Massachusetts is traditionally industrial, and, with its predominantly urban population, is one of the most densely settled states in the nation. Its many, diverse manufactures include electrical and electronic equipment, industrial equipment, technical instruments, plastic products, paper and paper products, machinery, tools, and metal and rubber products. Shipping, printing, and publishing are also important, and the jewelry industry dates from before the American Revolution.
Leading agricultural products include cranberries, greenhouse and nursery items, apples, and milk and other dairy goods. Commercial fishing, chiefly from Gloucester and New Bedford, and shellfishing have declined in recent years. Lime, clay, sand, gravel, and stone dominate the state's small mineral output.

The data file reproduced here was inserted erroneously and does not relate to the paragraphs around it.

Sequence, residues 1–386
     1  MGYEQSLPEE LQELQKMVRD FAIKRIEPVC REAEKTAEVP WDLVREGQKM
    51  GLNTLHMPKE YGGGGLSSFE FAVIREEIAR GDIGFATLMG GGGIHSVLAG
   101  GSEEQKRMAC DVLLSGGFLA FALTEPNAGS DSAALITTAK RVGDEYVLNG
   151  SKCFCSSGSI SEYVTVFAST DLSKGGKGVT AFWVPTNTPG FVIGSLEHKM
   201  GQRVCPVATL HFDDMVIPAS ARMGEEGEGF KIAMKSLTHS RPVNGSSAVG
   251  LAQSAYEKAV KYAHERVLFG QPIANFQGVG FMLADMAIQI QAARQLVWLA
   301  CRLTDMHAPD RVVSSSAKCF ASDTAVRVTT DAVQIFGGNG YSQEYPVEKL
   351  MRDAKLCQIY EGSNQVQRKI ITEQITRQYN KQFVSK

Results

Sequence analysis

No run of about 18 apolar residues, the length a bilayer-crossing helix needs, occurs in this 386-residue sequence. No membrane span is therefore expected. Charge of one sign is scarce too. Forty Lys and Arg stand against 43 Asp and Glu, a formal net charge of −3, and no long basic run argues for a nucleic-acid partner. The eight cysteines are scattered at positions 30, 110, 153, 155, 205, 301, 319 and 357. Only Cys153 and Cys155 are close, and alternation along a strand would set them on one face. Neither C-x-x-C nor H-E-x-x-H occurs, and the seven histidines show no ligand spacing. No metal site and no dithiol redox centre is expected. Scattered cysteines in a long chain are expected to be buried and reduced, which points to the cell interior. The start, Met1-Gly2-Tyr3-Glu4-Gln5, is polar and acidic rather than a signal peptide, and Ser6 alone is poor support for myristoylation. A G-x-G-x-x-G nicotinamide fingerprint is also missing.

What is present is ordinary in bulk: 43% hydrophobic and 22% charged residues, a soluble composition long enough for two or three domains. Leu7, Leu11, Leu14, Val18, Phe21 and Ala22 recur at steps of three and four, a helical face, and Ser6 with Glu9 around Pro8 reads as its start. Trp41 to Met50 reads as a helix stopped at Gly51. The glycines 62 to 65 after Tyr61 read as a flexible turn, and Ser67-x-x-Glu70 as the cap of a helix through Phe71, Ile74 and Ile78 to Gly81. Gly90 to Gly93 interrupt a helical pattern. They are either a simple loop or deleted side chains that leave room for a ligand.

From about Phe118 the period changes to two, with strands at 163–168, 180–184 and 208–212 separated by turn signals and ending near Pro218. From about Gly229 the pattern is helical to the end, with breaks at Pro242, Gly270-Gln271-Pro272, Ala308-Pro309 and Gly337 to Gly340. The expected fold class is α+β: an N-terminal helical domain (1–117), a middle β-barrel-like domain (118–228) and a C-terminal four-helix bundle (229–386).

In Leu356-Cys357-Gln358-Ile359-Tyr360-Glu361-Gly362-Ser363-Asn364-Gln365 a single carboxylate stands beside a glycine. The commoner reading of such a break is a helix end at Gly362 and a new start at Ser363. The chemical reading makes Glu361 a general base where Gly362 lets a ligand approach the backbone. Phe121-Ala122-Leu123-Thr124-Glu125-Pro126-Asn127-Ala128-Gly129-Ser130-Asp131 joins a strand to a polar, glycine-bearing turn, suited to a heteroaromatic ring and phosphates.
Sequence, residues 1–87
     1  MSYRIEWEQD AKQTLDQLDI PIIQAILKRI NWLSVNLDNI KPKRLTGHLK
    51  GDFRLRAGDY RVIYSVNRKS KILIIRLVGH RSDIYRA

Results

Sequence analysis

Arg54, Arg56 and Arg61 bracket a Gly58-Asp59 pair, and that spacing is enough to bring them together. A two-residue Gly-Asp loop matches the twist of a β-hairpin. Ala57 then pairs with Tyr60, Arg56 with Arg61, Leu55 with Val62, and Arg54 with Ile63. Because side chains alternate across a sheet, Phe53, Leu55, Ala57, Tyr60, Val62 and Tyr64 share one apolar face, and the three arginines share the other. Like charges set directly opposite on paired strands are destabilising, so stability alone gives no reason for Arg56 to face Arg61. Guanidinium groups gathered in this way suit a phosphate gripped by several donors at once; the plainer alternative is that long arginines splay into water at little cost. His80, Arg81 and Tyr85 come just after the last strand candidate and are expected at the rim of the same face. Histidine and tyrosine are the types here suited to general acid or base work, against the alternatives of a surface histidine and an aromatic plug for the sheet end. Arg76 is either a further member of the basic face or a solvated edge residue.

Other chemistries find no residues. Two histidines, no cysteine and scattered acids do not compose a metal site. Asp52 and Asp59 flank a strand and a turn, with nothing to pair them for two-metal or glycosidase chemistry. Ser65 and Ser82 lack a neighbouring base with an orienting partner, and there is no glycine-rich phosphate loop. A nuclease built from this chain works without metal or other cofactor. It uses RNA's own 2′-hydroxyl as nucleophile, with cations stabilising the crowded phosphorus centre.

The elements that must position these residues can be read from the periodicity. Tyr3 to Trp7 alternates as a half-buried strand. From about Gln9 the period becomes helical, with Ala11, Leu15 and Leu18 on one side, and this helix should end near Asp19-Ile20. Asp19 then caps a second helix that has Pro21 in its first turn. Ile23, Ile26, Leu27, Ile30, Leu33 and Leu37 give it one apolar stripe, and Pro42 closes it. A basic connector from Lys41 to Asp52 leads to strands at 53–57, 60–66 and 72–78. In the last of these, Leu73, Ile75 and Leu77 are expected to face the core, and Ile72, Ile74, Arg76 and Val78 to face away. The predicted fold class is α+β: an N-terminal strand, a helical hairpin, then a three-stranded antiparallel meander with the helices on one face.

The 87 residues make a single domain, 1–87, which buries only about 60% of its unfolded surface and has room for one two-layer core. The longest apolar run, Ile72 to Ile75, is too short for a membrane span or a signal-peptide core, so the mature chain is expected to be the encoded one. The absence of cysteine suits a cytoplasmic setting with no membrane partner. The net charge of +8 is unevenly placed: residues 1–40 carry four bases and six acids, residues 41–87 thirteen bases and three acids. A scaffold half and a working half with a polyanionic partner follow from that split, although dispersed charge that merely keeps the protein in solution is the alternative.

High-technology research and development, finance, and trade are all prominent in the commonwealth's economy. The service sector, in which tourism is primary, now employs over one third of Massachusetts workers.
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The Columbia Electronic Encyclopedia, 6th ed. Copyright © 2012, Columbia University Press. All rights reserved.
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